(PhysOrg.com) -- Armed with a pathogen detection technology honed through internal investments, as well as a recent $800K grant secured through the Department of Energy's Biomass Program, researchers at Sandia National Laboratories are tackling algal pond collapse, an issue that may be preventing some companies from producing the amount of algae it will take to make algal biofuels a cost-effective form of alternative energy.
Algae are widely viewed as a potential source of renewable fuel, but the technology to mass-produce fuel-grade algae is still in the early stages. A major roadblock is the inability to produce large amounts of the greenish, chlorophyll-containing organisms.
Algae are commonly grown in raceway ponds, large, shallow, artificial ponds that serve as fields for algae crops. But when water is constantly re-used, mixed or blended (a common practice at multi-acre algae production facilities), the ponds are prone to attack by agents such as fungi, viruses or predators like zooplankton.
“The organisms fall into these ponds and can crash a pond overnight,” said Todd Lane, a molecular biologist and algae researcher at Sandia’s California site. “Many of the agents that are causing these pond crashes have not been identified, and you can’t develop countermeasures without understanding why something is happening.” Pond crashes, Lane said, are often characterized by a sudden emergence of infection followed by rapid loss of algal biomass.
Sandia’s winning DOE proposal, titled “Pond Crash Forensics,” will use pathogen detection and characterization technologies developed through the lab’s Rapid Threat Organism Recognition, or RapTOR, project. RapTOR was originally developed for homeland security purposes.
The RapTOR program seeks to solve the “unknown unknowns” problem - lethal agents that could be weaponized from ordinary viruses or disguised to look harmless - by developing a tool to rapidly characterize a biological organism with no pre-existing knowledge. Sandia’s researchers, Lane says, are taking advantage of rapidly evolving molecular biology technology and the advent of ultra-high-throughput DNA sequencing in order to re-engineer time-intensive benchtop methods to be faster, easier and automated.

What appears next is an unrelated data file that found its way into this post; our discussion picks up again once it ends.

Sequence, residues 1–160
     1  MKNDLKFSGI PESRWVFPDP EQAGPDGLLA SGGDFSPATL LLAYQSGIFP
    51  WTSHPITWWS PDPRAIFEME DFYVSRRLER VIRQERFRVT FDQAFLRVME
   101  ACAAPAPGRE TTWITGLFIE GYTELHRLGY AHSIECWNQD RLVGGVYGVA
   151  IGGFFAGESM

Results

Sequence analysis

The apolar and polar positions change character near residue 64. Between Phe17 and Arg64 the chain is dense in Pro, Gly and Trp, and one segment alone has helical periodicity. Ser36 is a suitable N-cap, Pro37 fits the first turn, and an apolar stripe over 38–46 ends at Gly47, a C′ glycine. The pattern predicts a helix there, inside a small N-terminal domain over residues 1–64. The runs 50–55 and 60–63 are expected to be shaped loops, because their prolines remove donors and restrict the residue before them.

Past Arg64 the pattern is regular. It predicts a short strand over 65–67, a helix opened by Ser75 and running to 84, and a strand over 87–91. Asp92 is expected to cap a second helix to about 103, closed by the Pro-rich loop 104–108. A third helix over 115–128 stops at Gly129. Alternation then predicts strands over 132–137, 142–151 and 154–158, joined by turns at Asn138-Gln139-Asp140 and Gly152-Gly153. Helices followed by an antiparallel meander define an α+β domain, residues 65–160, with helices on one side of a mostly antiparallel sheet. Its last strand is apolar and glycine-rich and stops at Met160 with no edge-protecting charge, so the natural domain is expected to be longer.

That same tool, he says, can be used to quantify the “unknown unknowns” at the root of pond crashes. Sandia’s researchers will obtain samples of water from “freshly” crashed ponds and unaffected ponds grown in parallel at the same facility under similar conditions. They’ll focus on common production strains such as Nannochloropsis and Neochloris in primarily open pond architectures.
Sandia’s technical approach will combine modern methods of metagenomic analysis, advanced imaging and field microbiology / virology to identify, characterize and, when possible, isolate the agent causing a pond crash.
The project will also employ Sandia’s unique capabilities in hyperspectral fluorescence imaging to characterize stress-induced fluctuations in algal photosynthetic pigments in both experimental and field systems. The project’s first year will focus on the identification and isolation of those agents causing pond crashes, while during the second year of the project researchers will create pond crashes “on demand” for laboratory analysis and experimentation leading to countermeasure development.
According to Lane, the goal is to develop a method for rapid characterization of the responsible predatory agents and either a device or service for companies that will help make their algae ponds more productive.
“For the commercial sector involved in producing algae, this will save money since those companies will maintain better control over their ponds and experience less impact on their production schedules,” Lane said. “We feel that we’re in a good position to address this particular roadblock. It’s a good niche for Sandia, and something that allows us to provide a service that will be of great benefit to the algal biofuel industry that will in turn greatly benefit the nation.”
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